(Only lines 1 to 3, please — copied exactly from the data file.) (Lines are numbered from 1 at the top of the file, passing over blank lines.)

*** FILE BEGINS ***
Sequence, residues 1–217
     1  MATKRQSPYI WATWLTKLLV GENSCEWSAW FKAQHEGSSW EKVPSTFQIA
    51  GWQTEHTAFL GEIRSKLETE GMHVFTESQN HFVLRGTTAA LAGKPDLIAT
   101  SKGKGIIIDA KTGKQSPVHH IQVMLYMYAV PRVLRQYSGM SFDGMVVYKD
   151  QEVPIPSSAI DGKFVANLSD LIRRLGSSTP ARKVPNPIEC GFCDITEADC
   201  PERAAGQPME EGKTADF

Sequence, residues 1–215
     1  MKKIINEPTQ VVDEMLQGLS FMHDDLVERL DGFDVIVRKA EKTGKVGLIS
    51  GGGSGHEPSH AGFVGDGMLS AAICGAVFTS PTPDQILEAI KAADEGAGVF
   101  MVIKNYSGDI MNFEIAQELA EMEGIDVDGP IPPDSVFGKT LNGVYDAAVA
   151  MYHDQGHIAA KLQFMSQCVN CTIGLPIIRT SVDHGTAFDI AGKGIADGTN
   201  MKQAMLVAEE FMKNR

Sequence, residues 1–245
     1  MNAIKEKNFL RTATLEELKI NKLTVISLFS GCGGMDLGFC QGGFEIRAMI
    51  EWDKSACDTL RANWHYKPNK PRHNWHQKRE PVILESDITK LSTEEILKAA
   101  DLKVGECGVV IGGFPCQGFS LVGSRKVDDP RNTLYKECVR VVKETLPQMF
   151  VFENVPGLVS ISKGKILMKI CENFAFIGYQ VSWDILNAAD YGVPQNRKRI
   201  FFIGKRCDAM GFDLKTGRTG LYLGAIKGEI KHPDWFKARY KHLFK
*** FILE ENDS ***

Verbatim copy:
Sequence, residues 1–217
     1  MATKRQSPYI WATWLTKLLV GENSCEWSAW FKAQHEGSSW EKVPSTFQIA
    51  GWQTEHTAFL GEIRSKLETE GMHVFTESQN HFVLRGTTAA LAGKPDLIAT